Courtesy of Malta-based Frendo Advisory, who shared the changes in real-time as they were announced during a briefing session for accredited agents today, IMI can today report that the Malta Residency and Visa Program (MRVP) is just weeks away from updating its regulations.
Until now, the MRVP’s financial requirements included three core elements:
- Investment in government stock worth EUR 250,000 or other stock/equities listed and trading on the Malta Stock Exchange to be retained for at least five years;
- A property purchase of EUR 320,000 (EUR 270,000 in South Malta or Gozo), or a property lease of EUR 12,000 per annum (EUR 10,000 in South Malta or Gozo);
- A non-refundable government contribution of EUR 30,000 (of which EUR 5,500 constituted an advance payment of the government administrative fee).
If the changes as announced today are approved by Parliament, which there is every reason to believe they will be, the requirement for an EUR 250,000 investment in bonds would be removed entirely, while the minimum investments in real estate will rise to EUR 350,000 and EUR 300,000 (South of Malta or island of Gozo). Minimum rent levels will remain unaltered at EUR 12,000 and EUR 10,000.
Rather than asking investors to boost treasury liquidity by purchasing bonds, the government will increase the direct contributions requirement; the government contribution will rise from EUR 30,000 to EUR 68,000 (for those who buy a property) and EUR 98,000 (for those who choose to rent).
The government is also introducing an entirely new financial requirement; a mandatory EUR 2,000 contribution to a Malta-registered NGO.
Though the administrative fees (covering the work of processing, due diligence, etc.) for the main applicant, spouse, and children are covered by the EUR 68,000/98,000, an additional fee of EUR 7,500 for a spouse, a parent, or a grandparent will apply, as well as a fee of EUR 5,000 for any adult children.
|FEE STRUCTURE||Current Program||New Program|
|Main Applicant||Flat fee of EUR 30,000||Option 1 (purchase of property)
– EUR 40,000 admin. fee;
– EUR 28,000 govt. contribution
|Parents/Grandparents||EUR 5,000||EUR 7,500|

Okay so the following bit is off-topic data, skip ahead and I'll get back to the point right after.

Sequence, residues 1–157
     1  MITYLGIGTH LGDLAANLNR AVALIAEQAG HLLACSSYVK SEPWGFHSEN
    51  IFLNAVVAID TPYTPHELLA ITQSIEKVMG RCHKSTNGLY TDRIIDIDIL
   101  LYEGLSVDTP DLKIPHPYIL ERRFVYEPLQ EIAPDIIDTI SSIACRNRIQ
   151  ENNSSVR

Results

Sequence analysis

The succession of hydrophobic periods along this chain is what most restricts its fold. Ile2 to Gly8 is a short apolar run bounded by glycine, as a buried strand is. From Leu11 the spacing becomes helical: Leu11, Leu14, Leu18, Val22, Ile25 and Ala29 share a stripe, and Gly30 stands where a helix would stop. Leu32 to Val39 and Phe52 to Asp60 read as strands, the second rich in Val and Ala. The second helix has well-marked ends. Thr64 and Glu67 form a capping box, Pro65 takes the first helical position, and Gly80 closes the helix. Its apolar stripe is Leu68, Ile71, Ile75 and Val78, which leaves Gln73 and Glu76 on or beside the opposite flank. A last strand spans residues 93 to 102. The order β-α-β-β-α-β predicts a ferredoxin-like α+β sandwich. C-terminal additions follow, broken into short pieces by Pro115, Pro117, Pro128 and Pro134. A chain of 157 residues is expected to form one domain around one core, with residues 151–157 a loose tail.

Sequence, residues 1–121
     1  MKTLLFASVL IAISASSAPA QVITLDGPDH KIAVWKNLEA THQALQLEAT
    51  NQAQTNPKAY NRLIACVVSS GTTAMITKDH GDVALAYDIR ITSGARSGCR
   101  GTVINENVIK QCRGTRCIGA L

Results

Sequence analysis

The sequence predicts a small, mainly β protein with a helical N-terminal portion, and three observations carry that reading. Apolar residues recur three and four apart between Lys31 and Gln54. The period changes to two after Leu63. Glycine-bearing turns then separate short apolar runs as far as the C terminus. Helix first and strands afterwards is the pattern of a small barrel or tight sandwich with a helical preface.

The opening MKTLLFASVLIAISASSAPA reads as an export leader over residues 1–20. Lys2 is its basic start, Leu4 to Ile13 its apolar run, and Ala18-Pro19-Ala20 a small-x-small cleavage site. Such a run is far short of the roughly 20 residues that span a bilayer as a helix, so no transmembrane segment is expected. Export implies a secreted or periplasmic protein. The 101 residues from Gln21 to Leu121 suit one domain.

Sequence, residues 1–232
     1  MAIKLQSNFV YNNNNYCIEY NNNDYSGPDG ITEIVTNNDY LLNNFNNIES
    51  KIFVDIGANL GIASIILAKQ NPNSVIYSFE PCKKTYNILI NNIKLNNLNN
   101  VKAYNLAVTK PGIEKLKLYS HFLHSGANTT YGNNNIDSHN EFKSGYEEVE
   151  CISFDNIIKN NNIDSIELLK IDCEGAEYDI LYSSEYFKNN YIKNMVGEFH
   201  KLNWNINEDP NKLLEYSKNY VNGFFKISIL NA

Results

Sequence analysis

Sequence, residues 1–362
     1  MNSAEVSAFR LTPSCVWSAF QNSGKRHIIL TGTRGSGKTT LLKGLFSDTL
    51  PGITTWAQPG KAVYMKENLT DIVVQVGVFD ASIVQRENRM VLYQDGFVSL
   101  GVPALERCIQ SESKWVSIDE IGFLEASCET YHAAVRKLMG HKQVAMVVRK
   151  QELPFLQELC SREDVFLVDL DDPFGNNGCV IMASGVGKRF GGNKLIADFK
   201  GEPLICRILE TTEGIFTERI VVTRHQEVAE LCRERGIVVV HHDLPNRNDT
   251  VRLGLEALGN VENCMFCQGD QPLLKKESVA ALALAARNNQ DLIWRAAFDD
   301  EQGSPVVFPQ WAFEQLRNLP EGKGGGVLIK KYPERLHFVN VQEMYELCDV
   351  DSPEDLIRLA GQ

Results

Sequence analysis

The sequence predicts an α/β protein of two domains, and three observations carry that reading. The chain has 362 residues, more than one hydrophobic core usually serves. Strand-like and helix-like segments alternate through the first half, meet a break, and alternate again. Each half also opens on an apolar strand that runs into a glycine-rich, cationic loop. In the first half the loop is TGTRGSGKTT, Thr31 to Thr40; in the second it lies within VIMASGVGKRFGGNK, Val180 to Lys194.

|Spouse of an already-approved main applicant||Free of charge||EUR 7,500|
|Spouse of an already-approved dependent||EUR 5,000||EUR 7,500|
|Adult child dependent of main applicant after approval||Free of charge||EUR 5,000|
|Minor child of an already-approved dependent child and/or of his already-approved spouse||EUR 5,000||EUR 5,000|
Until now, the program has also mandated that main applicants demonstrate an annual income of EUR 100,000 and a net worth of no less than EUR 500,000. The minimum annual income requirement will now be discontinued, while the minimum net worth requirement remains. Furthermore, applicants must hold at least EUR 150,000 of their capital in financial assets.
A better deal, both for investors and for Malta
Somewhat paradoxically, the new regulations would at once both make the MRVP more economical for the applicant and more profitable for the government of Malta.
Under the hitherto prevailing rules, the minimum capital outlay for a single applicant choosing the absolutely cheapest option (renting in Gozo) would amount to EUR 330,000, of which only the EUR 250,000 bond-investment would have been recoverable, and even that only five years later with associated opportunity costs for locking up a quarter of a million euros in relatively low-yielding securities for five years.
Under the new regulations, a single applicant would be able to obtain a residence permit in Malta for a minimum outlay of EUR 150,000, of which nothing would be recoverable.
For the government of Malta, the new deal makes more economic sense; in recent history, all major ratings agencies have considered Maltese government bonds investment-grade, even during the height of the European sovereign debt crisis a decade ago. In other words, Malta has never had trouble getting financing at reasonable rates. Asking MIIP or MRVP investors to assist in this regard, therefore, was new necessary.
Under the new rules, on the contrary, the unencumbered revenue the government would raise (in the case of a single applicant) would grow from just EUR 30,000 to either EUR 68,000 or EUR 98,000.
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